I have nothing to offer you, but blood, toil, tears and sweat.
Churchill; 13 May 1940

The Battle of France is over, I expect the Battle of Britain is about to begin.
Churchill; 18 June 1940

Never in the field of human conflict was so much owed by so many to so few.
Churchill; 20 August 1940

Britain Prepares for War

Sunday September 3rd 1939 was the date, eleven am in the morning was the time.
"Although France had agreed in principle with Great Britain that an Anglo-French Agreement had been drawn up between the two countries [ Document 1 ] both of these countries would declare war on Germany if no answer had been received by the designated hour regarding the withdrawal of German troops from Poland. The announcement to the French people was made later in the day by the French President Edouard Daladier. [ Document 2 ]

In Britain it was a mild day where most people went about their usual Sunday morning business, some went to church, others mowed lawns, some got themselves ready for their midday drink down at the 'local'. But the talk and gossip everywhere was about the possibility of war. Over the fence, in the bar, on the bus, at the corner shop as well as in the sermons and prayers in the churches of all denominations. Adolf Hitler had refused to reply to the request by Neville Chamberlain, by withdrawing his military forces from Poland. Great Britain, on Sunday 3rd September 1939 at 11.00am was at war with Nazi Germany.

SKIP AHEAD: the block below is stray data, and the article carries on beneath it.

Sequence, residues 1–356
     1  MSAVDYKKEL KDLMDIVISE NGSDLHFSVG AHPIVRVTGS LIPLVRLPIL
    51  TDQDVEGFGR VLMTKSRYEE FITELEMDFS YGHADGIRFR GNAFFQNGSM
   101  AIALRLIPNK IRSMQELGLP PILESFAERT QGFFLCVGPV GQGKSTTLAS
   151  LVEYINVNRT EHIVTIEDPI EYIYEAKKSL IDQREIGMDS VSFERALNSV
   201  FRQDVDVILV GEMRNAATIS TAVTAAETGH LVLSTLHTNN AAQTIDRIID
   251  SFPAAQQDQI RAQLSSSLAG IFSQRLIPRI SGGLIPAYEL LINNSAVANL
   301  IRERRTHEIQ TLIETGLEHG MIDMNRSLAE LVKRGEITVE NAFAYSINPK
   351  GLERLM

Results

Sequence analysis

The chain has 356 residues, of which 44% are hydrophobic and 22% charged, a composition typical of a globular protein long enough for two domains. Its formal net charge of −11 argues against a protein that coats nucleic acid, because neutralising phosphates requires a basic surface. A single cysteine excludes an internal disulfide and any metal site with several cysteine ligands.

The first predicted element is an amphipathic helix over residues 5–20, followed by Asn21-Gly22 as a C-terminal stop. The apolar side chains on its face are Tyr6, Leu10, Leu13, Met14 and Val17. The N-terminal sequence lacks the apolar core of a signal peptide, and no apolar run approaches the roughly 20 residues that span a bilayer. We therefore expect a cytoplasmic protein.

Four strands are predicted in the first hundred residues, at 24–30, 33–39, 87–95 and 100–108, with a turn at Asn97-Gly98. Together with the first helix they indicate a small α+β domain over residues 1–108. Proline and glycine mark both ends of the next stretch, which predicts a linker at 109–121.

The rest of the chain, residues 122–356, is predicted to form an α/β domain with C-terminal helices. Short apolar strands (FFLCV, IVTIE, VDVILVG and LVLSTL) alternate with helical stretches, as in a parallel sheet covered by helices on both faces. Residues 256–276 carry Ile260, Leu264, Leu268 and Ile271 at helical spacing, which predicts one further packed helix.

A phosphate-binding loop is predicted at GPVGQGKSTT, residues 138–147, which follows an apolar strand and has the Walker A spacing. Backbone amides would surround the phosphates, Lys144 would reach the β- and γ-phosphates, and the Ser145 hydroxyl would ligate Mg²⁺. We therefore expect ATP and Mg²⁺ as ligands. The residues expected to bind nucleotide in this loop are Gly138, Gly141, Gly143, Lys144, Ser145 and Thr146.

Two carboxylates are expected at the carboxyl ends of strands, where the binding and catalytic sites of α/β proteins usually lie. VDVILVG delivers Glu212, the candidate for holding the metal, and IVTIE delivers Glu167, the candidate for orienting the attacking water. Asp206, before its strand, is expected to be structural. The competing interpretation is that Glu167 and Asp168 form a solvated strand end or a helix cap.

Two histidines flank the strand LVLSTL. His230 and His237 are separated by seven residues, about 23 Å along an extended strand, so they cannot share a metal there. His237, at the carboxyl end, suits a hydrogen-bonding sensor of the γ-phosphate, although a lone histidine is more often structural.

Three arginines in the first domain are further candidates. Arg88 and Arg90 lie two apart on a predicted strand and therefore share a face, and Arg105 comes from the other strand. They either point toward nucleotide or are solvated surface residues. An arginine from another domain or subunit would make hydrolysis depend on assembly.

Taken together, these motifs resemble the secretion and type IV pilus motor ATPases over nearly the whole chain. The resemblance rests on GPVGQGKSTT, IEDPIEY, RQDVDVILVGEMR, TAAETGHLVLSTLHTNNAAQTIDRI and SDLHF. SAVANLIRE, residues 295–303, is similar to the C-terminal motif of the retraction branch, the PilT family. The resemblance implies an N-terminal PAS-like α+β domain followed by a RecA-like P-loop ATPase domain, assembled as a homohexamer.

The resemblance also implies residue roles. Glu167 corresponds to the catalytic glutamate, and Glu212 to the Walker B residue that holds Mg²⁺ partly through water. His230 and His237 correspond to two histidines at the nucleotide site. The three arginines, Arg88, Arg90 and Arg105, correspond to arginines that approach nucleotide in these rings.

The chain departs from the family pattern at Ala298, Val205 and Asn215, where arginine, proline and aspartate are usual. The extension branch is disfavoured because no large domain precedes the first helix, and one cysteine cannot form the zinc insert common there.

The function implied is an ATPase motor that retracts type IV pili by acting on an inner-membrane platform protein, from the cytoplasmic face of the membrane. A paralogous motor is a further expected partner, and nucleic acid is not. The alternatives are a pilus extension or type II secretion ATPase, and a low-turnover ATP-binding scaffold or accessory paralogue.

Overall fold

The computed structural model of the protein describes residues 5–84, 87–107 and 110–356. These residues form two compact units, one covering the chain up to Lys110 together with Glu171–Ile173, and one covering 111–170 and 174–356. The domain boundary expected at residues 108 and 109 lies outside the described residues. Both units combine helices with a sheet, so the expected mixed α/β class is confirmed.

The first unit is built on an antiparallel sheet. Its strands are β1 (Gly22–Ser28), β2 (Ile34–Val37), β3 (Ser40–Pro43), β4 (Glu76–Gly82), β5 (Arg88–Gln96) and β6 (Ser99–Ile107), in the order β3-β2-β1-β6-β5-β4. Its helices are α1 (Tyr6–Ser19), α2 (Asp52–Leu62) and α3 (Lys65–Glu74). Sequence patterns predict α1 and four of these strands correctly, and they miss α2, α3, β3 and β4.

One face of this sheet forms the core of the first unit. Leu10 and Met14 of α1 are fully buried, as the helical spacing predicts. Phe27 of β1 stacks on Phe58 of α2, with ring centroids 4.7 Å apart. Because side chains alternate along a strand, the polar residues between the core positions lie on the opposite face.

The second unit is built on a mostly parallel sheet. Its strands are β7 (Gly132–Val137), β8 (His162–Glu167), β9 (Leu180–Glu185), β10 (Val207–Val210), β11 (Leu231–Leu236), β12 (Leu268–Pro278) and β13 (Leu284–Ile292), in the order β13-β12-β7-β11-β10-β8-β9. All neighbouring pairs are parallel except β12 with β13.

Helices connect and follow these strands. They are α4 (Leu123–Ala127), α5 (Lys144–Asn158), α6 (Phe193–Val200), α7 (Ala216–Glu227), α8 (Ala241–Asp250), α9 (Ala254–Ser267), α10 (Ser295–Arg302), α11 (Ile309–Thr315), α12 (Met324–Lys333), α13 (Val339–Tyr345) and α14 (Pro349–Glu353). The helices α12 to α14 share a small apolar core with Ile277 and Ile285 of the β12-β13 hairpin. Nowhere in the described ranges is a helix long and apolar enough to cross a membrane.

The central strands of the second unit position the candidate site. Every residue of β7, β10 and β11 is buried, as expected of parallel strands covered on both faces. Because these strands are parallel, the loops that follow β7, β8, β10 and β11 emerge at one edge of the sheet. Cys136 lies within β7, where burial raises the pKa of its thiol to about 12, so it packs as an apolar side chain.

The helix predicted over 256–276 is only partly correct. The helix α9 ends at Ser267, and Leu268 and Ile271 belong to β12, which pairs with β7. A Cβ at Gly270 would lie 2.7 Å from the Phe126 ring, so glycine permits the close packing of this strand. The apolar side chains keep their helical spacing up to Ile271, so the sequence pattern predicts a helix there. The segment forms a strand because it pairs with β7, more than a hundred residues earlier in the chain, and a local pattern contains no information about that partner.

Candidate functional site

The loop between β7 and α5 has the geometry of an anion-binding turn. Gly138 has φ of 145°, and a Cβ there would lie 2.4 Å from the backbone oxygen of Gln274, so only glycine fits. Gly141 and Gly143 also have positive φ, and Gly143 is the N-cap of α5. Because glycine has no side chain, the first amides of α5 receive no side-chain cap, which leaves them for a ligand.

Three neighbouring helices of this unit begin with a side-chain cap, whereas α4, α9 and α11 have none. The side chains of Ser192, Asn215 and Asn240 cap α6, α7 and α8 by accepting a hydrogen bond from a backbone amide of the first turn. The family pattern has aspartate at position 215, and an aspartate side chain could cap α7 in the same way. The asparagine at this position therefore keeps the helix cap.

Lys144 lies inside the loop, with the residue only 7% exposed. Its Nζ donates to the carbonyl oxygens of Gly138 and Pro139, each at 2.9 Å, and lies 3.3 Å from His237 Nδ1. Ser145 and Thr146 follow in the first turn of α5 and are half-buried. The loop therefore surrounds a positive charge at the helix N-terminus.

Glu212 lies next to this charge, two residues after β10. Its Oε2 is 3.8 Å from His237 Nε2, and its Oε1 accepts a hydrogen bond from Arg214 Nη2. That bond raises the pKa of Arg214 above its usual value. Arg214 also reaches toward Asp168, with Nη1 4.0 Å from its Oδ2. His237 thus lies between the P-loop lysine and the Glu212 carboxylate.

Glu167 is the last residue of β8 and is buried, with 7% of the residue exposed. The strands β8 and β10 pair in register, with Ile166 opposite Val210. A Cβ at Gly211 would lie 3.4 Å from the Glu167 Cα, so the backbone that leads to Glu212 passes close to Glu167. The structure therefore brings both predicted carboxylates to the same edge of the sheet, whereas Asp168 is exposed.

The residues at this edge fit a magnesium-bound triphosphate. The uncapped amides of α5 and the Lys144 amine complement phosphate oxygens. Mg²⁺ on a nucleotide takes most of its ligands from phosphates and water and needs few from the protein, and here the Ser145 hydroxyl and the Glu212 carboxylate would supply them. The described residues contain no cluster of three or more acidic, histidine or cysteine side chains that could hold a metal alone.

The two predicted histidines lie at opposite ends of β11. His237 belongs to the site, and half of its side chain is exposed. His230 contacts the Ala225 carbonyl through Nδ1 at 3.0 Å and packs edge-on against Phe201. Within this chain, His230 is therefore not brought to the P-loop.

Over the last couple of years, the British media had been reporting on the situation in Europe, but now the news was a little closer to home. Germany had struck the first blow. The British liner Athenia en route from Britain to America and carrying 1,400 passengers was sunk in the Atlantic Ocean at 2100 hours (9.00pm) the same day as the declaration of war. Britain accused Germany and added further that it was a cowardly act to target harmless civilians. Germany denied this, stating that no warships were in the vicinity at the time, but records now show that it was German submarine U-30 that torpedoed the liner 200 miles west of the Hebrides. [1]

With the British people now knowing that their country was at war, and already hearing of the first blow being struck by Germany, was, as always trying to keep 'that stiff upper lip'. This was the British way of life, where everybody, whether it be royalty, politicians, celebrities or just people, share the discomforts of the situation and provide encouragement and support to everybody. King George VI went on national radio and in what sounded as a rather nervous tone, made his reply to the Prime Ministers speech.